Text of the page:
For my recent birthday, one of the gifts The Lady gave me was a “bib-folio“.
Keep ALL the bibs!
This thing is awesome. While I’ve only been running regularly since the latter half of 2010, I’ve participated in quite a few races in that time, in addition to all the racing I did in the years prior (5ks and 10ks). Upshot being: I have a lot of bibs, and no real way of organizing them. In fact, I’ve been pinning them on a bulletin board, one stuck on top of another. That’s it.
Armed with my bib-folio, I no longer feared the possibility of all my bibs exploding everywhere when I released them from my bulletin board. There were dozens which were fairly generic; Elite Runners hosts a LOT of races over the course of a single year, and most of them are fairly small and don’t warrant the name being put on the bib. I threw most of these out. But I also found some really awesome bibs. I’ll highlight a few here!
Just a Short Run, March 2012 edition. As of writing this post, this race (nearly a year later!) is where I set my standing half-marathon PR of 1:43. This race was memorable because I had just returned home from a trip to Morocco a week earlier, and was still getting over a really bad cold. Furthermore, we were barely 2/3 done with our Pittsburgh half-marathon training, my goal for which was sub-1:45. Turns out, I didn’t need to wait until May: I shattered my goal over a month early! The weather was perfect, I was relaxed, and I even had a pacer for most of it before I sprinted the last 1.1 miles.
Oh man. Are you ready for this? We did this race in Vancouver, BC. That’s right: we raced in Canadia. The Lady and I were in town November 2011 for me to give a talk at ApacheCon, and we just happened to be strolling by the local running store and noticed a huge line sprawling out from the entrance. Curious, we inquired within and discovered it was packet pick-up for a race that evening! Not wanting to miss a chance, we eagerly signed up for the 5k (the 10k was full by then). Despite some really crummy weather (cold + rainy + dark + too many people walking abreast on a narrow sidewalk), this was an awesome experience. Neither of us PR’d, but we can still say we did a 5k in Vancouver. BAM.
The Great Race is practically a Pittsburgh icon at this point; I’ve run the 10k since 2010. It’s a really fast race: there are some brutal hills, but they’re quick and the course is a net downhill. The September 2012 edition pictured here was particularly special because it was the first time since 2006 I’d run a race as a seeded runner! I was definitely one of the slower runners in the seeded group, but hey: we had our own porta-potties. Yeah. We’re that awesome. Furthermore, this race is my current 10k PR at 43:15, despite the facts that The Lady and I had just completed Ragnar a week before, and the day before had run 16 miles as part of our marathon training. All-around, an awesome race!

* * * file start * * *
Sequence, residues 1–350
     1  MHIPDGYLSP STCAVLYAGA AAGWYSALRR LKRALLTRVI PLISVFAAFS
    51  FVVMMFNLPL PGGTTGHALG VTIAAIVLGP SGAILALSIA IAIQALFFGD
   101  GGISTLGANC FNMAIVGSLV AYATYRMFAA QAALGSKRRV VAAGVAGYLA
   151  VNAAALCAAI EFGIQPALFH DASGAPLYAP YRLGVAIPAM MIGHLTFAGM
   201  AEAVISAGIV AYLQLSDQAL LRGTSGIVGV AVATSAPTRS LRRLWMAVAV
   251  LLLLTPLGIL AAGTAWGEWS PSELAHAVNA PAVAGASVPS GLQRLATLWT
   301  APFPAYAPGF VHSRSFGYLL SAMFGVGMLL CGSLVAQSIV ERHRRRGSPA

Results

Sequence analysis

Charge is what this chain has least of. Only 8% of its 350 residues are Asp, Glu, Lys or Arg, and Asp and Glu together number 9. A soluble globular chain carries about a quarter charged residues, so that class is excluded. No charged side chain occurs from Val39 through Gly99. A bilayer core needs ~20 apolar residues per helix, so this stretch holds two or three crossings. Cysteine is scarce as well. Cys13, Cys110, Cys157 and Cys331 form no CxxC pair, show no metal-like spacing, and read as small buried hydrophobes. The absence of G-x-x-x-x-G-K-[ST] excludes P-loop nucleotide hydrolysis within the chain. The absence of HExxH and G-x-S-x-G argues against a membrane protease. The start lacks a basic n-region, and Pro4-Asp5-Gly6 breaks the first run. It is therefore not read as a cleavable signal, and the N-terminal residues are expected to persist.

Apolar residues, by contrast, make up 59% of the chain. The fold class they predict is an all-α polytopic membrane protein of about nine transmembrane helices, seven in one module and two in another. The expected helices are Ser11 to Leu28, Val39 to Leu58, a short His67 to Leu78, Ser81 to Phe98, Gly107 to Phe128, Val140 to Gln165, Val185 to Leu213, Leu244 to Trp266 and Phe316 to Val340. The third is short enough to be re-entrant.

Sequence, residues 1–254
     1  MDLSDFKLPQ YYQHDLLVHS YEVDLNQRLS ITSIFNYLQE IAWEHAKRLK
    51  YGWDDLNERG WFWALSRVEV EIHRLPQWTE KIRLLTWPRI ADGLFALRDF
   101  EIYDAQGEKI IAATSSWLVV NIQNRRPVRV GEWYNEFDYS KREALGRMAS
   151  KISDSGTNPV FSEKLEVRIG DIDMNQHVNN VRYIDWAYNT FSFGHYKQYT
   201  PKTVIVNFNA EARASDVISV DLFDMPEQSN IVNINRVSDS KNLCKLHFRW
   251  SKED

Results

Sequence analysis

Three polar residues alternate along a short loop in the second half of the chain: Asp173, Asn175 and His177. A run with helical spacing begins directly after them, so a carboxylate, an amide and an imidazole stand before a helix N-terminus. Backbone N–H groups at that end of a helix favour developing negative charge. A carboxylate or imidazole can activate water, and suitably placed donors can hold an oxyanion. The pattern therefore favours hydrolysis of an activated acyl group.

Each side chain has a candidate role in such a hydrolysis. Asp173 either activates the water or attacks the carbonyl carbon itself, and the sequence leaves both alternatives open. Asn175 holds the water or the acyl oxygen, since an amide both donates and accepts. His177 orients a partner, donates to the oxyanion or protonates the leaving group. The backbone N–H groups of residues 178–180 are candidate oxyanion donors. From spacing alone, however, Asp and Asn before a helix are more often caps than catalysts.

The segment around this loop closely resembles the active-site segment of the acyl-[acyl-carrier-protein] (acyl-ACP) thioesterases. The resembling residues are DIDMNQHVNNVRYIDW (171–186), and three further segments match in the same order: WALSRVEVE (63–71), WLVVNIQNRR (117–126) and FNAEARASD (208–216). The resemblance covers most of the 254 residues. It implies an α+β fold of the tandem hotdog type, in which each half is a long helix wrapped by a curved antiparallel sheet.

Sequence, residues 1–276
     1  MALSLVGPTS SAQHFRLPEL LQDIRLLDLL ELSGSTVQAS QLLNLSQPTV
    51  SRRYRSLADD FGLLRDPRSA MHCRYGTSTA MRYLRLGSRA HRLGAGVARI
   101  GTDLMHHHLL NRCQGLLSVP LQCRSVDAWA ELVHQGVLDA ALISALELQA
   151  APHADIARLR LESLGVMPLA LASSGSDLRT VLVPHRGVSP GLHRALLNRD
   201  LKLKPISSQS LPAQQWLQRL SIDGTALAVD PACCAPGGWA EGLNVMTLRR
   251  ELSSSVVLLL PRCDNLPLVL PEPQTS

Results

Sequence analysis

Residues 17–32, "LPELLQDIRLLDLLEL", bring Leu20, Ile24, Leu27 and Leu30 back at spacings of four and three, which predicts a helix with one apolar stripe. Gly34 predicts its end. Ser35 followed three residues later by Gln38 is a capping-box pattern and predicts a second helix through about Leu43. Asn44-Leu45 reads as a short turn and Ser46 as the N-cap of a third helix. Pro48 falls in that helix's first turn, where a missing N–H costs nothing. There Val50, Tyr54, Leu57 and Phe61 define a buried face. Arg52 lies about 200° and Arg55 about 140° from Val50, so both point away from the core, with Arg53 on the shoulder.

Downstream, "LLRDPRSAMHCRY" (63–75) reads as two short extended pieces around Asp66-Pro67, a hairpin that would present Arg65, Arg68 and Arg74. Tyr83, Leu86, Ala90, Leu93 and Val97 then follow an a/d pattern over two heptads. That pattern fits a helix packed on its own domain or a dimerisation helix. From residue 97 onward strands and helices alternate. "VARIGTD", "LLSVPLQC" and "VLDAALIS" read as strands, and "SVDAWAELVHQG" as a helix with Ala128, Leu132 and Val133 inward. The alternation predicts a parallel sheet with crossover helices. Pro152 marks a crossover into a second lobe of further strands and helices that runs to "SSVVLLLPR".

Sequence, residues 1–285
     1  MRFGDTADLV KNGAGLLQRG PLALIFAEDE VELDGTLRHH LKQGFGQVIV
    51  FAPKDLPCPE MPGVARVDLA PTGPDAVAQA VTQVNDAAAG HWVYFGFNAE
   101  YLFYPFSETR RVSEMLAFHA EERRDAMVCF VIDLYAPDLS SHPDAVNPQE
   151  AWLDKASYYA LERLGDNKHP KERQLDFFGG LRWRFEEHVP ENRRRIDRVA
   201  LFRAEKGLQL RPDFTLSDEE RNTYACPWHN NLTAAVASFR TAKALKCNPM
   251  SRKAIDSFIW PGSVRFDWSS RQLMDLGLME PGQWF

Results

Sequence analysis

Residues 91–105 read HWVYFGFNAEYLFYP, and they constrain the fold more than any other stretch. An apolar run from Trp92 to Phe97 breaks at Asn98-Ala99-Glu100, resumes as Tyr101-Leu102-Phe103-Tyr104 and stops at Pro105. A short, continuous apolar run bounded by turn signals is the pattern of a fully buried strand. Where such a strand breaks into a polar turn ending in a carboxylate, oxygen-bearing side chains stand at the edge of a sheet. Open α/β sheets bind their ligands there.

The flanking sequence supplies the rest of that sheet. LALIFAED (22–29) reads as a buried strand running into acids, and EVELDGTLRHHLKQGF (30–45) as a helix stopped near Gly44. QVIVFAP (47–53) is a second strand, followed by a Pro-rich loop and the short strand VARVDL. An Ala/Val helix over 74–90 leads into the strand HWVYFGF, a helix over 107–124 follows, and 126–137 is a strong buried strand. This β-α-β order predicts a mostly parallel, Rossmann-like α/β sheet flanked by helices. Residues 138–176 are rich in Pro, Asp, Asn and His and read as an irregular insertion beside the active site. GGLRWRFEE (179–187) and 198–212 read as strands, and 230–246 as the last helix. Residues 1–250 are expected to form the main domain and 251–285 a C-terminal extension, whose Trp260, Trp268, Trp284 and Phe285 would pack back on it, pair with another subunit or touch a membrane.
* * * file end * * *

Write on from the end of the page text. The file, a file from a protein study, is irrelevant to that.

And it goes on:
This race is special. Very, very special. It holds the honor of being my very first half-marathon over Thanksgiving weekend 2010. It arguably defines when I started thinking of myself as a “runner”, in addition to a general athlete. I didn’t do very well at this race; training in Pittsburgh in the late fall is actually quite beautiful. Unfortunately, Atlanta has a tendency to be very humid all year long, and come race morning in downtown Atlanta the air was so thick you could’ve kicked it and felt the concussion. Nevertheless, The Lady coaxed me into the finish line for a time of 2:09. I love to look back on this race and think how far I’ve come since then. It’s humbling.
Speaking of Ragnar! This was our team’s bib (all 12 of us wore it) from September 2012. I could go on and on about this event (and both Megan and I have), but the upshot is that this event was spectacular. Cramming 11 (or in our case, 11 plus a dedicated driver!) of your closest friends into two vans for 36 hours with little or no sleep and no showers reaaaally defines a friendship! It was an epic event that took a ton of planning, but our team had a boatload of heart and no shortage in folks willing to get their hands dirty in executing. It went off without a hitch, and we all had a blast running nearly 200 miles from Cumberland MD, to Washington, DC. I hope to do it again someday!
Now we’re really digging deep: this bib is from the September 2006 edition of the US 10k Classic, which to my great dismay has since officially retired the event. This is the first time I was ever a seeded runner, so I’m particularly proud of this bib. I didn’t do as well in this race as I would have liked–51 minutes and change–but at the time I still considered myself somewhat of an impostor in the running community. Still, I did pretty well overall, and this race was always exceedingly well-organized. And yes, those are in fact the same pins I used to pin it to my shirt all those years ago.
This is quite possibly my favorite bib ever. I ran this race (also the 10k Classic) in September 2005 and is the reason I received a seeded bib the following year: I ran this race in 49:17 (I still remember the exact time!). It also has the dubious distinction of not only being the third 10k I ever raced, but also the first 10k I ever ran under 50 minutes. It had been my goal to run it under 50 minutes, but I had no knowledge of formal training. I trained for this race by (I kid you not) running hill repeats on the infamous freshman hill at Georgia Tech. At least once a week I would do 8x repeats up and down the hill, charging up as fast as I could, and jogging back down. No breaks, just an easy loop around and then starting again. Apparently it worked well enough for a kickass 10k time!
There were plenty of other bibs that I smiled at when I saw (the Air Force half marathons in particular!), but these highlight just a few. I’m excited to finally be able to organize them in a way that makes sense, and to ensure I don’t accidentally misplace one over the many races to come!